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Numerous studies have established melatonin as one of the most effective anti-cancer treatments in existence. It inhibits cancer cell growth and proliferation; it destroys cancer cells, stops angiogenesis (new tumor blood vessel growth), and prevents harmful forms of estrogen from stimulating cancer cell growth. Despite its success in clinical trials and in doctors' experiences with their patients, it has not been widely prescribed in conventional medicine, though its effects have proven to be superior to those of many chemotherapeutic drugs.
In one clinical trial, patients with glioblastoma, a type of brain cancer, were given either radiation and melatonin, or radiation alone. Twenty-three percent of the patients who took the melatonin were alive after a year, while none who had received only radiation were still alive. Similarly, in another study by oncologists in Italy, patients with non-small cell lung cancers who had failed chemotherapy were given melatonin. They were compared with other patients with non-small cell lung cancers who weren't given melatonin. A year later, 26 percent of the patients who had taken melatonin were still alive; whereas, none in the non-melatonin group remained alive.
Studies have also revealed melatonin to be more effective for treating pancreatic and lung cancers than a drug commonly used to treat these types of cancers. What's more, this drug may cost more than $4,000 per month, while twenty milligrams of melatonin cost approximately $11 per month.
Melatonin functions to destroy cancer in multiple ways. First, because it is toxic to cancer cells, it induces apoptosis, or cancer cell auto-destruction, as well as directly kills cancer cells. It also slows tumor growth through a variety of mechanisms, such as by inhibiting epidermal growth factor receptors on cancer cells. Epidermal growth factors play an important role in cancer cell growth and proliferation, so blocking their receptors on cancer cells prevents them from carrying out these roles. Melatonin also stimulates the immune system and increases the cancer-killing activity of macrophages, monocytes, natural killer cells, T-helper cells and eosinophils, all of which are involved in cancer cell destruction.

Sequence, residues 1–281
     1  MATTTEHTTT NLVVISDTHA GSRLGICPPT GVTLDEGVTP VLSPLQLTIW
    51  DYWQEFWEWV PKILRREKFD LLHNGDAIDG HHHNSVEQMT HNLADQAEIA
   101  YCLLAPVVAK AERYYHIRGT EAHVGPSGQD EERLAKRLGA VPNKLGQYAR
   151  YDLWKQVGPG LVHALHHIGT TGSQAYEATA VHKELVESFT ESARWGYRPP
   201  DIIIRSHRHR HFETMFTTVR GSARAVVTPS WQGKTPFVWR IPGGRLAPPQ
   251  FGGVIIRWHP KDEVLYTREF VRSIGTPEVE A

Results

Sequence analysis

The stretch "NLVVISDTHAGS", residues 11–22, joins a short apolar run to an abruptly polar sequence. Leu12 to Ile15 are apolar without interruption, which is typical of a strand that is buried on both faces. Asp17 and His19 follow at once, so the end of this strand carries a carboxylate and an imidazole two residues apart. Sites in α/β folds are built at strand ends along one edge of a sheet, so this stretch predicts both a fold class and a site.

Additionally, melatonin inhibits angiogenesis (new tumor blood vessel creation) from existing blood vessels. Tumors get their nutrition through blood vessels, and as they grow, they require an increasingly greater supply of blood vessels to feed themselves. Preventing new blood vessel growth limits their food intake and causes them to shrink or stop growing.
Melatonin has properties which enable it to block the effects of estrogen upon cancer cells; this is important because certain forms of estrogen stimulate the growth of hormonally-influenced cancers, such as breast, endometrial, ovarian and uterine cancers.
Finally, as an antioxidant, melatonin reduces inflammation, a condition that enables cancer's survival, and it scavenges free radicals so that they don't damage normal cells and make them vulnerable to further genetic mutations.
Despite these favorable statistics, melatonin is seldom recommended to patients in conventional medicine because the laws which govern the practice of medicine are drastically influenced by pharmaceutical interests, which prevent doctors from recommending it to their patients in lieu of expensive, damaging chemotherapy drugs. It is, however, an effective natural treatment that not only helps to prevent cancer, but which also plays an integral role in healing the body from it.References:
Martin Dayton, et al. Defeat Cancer:
15 Doctors of Integrative and Naturopathic Medicine Tell You How. BioMed Publishing Group, May 2011